Tuesday, March 26, 2013
We are all artists now.
We are all artists now.
Unfortunately we all get paid like artists.
Marshall McLuhan said all this would happen. He said that in the 1960s. I knew him personally because I went to St. Michael's College at the University of Toronto, where McLuhan taught on the English faculty.
McLuhan described the future -- "we won't have jobs anymore, we will play roles, we will all be artists and actors, not wage earners" -- so he said.
Incredibly, that happened, There are no jobs anymore, jobs went out with objectivity. Now we play roles according to our body types and habits. The horror is that's how we get paid. When we had jobs we all got paid, some more than others, but we all got paid. But now we are all artists, so we are paid like artists -- one-tenth of one percent makes millions, and the 99 make close to nothing.
McLuhan saw this coming. He was detached. He said, "I see the future, that doesn't mean I welcome it personally. I would prefer to have lived in the time of the Middle Ages." -- Really, he said that.
I shoulda never went to his class. McLuhan had tenure, he kept HIS job all along. But role playing? McLuhan famously played himself in a cameo appearance in Annie Hall, predating Steven Colbert by 30 or 40 years. But who the hell is going to pay you for playing yourself?
The jobs are gone, my friend. They're not coming back. You're on your own, like a rolling stone (Help! I'm having flashbacks!)
No jobs, unless you move to Midland, Texas, where the shale oil economy is booming and Wal-Mart is hiring warm bodies at $17 per hour.
Back to McLuhan. He described the global village, he didn't say he wanted to live in it.
I was his student, I didn't say I understood him. Nobody understood McLuhan, not even McLuhan. I am also good friends with his biographer Philip Marchand....... McLuhan, in his personal habits, was quite conventional and conservative -- as well as being a fairly traditional Catholic.
A friend of mine in his class submitted a paper in a multi-media format, partly taped recorded and partly illustrated -- thinking McLuhan would like that, but McLuhan rejected the submission --- stick to the standard format he told my friend.
The lecture I remember the best was McLuhan on TS Eliot the Wasteland. This was given in the Elmsley Lounge as part of an overall celebration and bounteous sherry was served to students and faculty alike. I don't actually remember anything he said, but we drank a lot of sherry and had a wonderful time.
After that lecture they stopped serving unlimited free sherry to undergraduates.
President Obama recently visited Israel and Jordan, while John Kerry was in Iraq. Here is my reaction:
I found this poem in a drawer,
"No breathing allowed," said the Iranian priest.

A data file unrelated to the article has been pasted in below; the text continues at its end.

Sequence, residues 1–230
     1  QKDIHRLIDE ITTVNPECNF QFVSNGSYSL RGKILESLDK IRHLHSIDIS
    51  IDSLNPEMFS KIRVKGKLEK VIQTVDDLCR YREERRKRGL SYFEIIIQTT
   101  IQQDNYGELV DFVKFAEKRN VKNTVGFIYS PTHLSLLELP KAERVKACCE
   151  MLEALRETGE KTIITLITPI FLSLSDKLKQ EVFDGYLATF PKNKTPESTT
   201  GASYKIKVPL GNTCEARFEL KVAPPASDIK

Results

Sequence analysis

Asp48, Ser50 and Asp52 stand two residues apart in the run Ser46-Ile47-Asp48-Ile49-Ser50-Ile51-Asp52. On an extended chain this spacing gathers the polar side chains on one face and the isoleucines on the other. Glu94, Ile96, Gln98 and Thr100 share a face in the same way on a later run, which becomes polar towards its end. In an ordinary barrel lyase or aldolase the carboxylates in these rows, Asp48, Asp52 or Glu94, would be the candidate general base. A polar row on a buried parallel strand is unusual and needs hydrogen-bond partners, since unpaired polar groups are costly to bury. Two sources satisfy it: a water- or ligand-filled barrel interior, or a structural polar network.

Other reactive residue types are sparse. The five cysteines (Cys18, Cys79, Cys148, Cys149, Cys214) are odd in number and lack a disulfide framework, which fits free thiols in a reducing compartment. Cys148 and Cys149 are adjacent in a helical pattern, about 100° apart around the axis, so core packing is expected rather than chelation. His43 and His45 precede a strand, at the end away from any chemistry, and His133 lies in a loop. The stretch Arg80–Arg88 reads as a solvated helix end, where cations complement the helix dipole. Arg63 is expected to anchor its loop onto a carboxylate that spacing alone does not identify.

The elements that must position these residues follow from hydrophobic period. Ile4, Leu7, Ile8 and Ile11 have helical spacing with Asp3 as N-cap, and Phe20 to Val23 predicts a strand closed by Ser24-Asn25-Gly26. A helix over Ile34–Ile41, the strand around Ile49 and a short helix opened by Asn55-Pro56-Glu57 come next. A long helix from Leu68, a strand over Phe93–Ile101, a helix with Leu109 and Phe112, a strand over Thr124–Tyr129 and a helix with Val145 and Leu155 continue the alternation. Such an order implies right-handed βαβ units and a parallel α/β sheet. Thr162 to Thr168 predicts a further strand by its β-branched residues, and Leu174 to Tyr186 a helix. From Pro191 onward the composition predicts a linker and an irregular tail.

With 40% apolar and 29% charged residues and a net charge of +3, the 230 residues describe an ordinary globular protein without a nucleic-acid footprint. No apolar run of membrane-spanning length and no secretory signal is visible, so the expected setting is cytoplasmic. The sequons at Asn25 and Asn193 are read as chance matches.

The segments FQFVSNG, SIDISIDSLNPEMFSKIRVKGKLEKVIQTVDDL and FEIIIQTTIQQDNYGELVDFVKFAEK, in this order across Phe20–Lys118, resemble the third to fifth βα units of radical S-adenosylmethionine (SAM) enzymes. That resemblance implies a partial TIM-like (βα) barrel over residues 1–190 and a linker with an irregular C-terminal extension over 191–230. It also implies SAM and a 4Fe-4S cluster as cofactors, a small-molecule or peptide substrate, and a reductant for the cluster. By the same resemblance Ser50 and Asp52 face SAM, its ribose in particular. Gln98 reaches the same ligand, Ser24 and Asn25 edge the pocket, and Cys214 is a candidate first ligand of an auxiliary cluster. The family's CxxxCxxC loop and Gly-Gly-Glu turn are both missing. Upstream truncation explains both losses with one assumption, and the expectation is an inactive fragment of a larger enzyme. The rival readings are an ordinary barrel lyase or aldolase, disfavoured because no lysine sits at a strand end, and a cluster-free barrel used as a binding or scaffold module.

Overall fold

"Israel does not have a right to exist."
But we grew these oranges, we built Tel Aviv,
Our children were born here, we're not going to leave.
"You can go back to Europe, to Spain or Morocco,
Go back to the shtetl, the shul, and the ghetto.
We don't want you here......"
But this song, can't you hear?
Jerusalem is golden, isn't that true?
The color of our flag is white and blue,
We welcome the green of your Islamic faith,
We will live together until our last breath,
Breathing is living, we breath and exist,
We are you, and you are all there is.
Jerusalem of Gold
This uplifting song ends Schindler's List. Spielberg's film and this song have the flavor of 1954 -- the rhythm of Golda Meir, Abba Eban, and Herman Wouk, with notes of triumph and hope. Imagine the shining look in Sal Mineo's eyes in the 1960 movie Exodus.
I'm not a big fan of anyone's historic claims, but I do recognize existence when I see it. Israel -- there it is. It gets quickly complicated after that. Do people who exist have a right to continue to exist? You could tell them that they have no right to exist, and yet they are still there.
This analogy may not spring to your mind, but I think of plants -- weeds, native species, invasive species, plants growing where you want them to, plants you wish were not growing there.
But it really helps if you first acknowledge the existence of same. You can't get rid of something by saying it doesn't exist. Unless it doesn't exist, in which case you don't have to do anything.
Excuse me, Martin Buber just called collect, gotta run.
We are a generation distinguished by the fact that we exist -- going to the grave and still celebrated for our collective birth -- you can't brag on that.
Our numbers cause a bulge in the American population. We are in that human age which is naturally conservative -- old -- so the whole country is old right now.
We out-sourced pregnancy and child-rearing to Mexico and points south. Those young brown men and women are the babies we didn't want to bear, and the children we didn't want to raise, so we hired it out, and then they grew up and were mystically drawn to the US.
I wish I was John Steinbeck,
With his mice, his men and his truck.
I wish I was Ernest Hemingway,
He had all the luck.
He made his days in the sun,
Then he killed himself with a shotgun.
I wish I was TS Eliot,
He came from St. Louis , you know,
Then he worked in a bank,
And became Anglican,
Writing poems with his elbows and toes.
I wish I was a Buddhist or a monk,
Or an acolyte,
If that's all right,
Anyway to escape this funk.
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